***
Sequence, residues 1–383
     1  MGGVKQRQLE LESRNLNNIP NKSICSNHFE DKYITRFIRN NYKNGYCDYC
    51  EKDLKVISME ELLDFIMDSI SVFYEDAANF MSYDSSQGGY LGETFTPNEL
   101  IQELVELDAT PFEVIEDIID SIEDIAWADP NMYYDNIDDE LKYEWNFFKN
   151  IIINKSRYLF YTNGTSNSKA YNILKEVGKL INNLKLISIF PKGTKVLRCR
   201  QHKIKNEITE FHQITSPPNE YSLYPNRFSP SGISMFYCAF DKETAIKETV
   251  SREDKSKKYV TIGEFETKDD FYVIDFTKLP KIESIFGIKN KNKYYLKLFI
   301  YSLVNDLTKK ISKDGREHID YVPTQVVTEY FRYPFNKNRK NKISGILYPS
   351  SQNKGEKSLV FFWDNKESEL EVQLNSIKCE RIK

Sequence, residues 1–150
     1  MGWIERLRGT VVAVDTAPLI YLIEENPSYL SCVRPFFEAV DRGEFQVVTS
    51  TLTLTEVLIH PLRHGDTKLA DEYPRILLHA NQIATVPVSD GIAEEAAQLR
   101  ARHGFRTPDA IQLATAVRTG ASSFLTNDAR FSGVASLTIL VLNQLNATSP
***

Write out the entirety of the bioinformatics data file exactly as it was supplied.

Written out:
Sequence, residues 1–383
     1  MGGVKQRQLE LESRNLNNIP NKSICSNHFE DKYITRFIRN NYKNGYCDYC
    51  EKDLKVISME ELLDFIMDSI SVFYEDAANF MSYDSSQGGY LGETFTPNEL
   101  IQELVELDAT PFEVIEDIID SIEDIAWADP NMYYDNIDDE LKYEWNFFKN
   151  IIINKSRYLF YTNGTSNSKA YNILKEVGKL INNLKLISIF PKGTKVLRCR
   201  QHKIKNEITE FHQITSPPNE YSLYPNRFSP SGISMFYCAF DKETAIKETV
   251  SREDKSKKYV TIGEFETKDD FYVIDFTKLP KIESIFGIKN KNKYYLKLFI
   301  YSLVNDLTKK ISKDGREHID YVPTQVVTEY FRYPFNKNRK NKISGILYPS
   351  SQNKGEKSLV FFWDNKESEL EVQLNSIKCE RIK

Sequence, residues 1–150
     1  MGWIERLRGT VVAVDTAPLI YLIEENPSYL SCVRPFFEAV DRGEFQVVTS
    51  TLTLTEVLIH PLRHGDTKLA DEYPRILLHA NQIATVPVSD GIAEEAAQLR
   101  ARHGFRTPDA IQLATAVRTG ASSFLTNDAR FSGVASLTIL VLNQLNATSP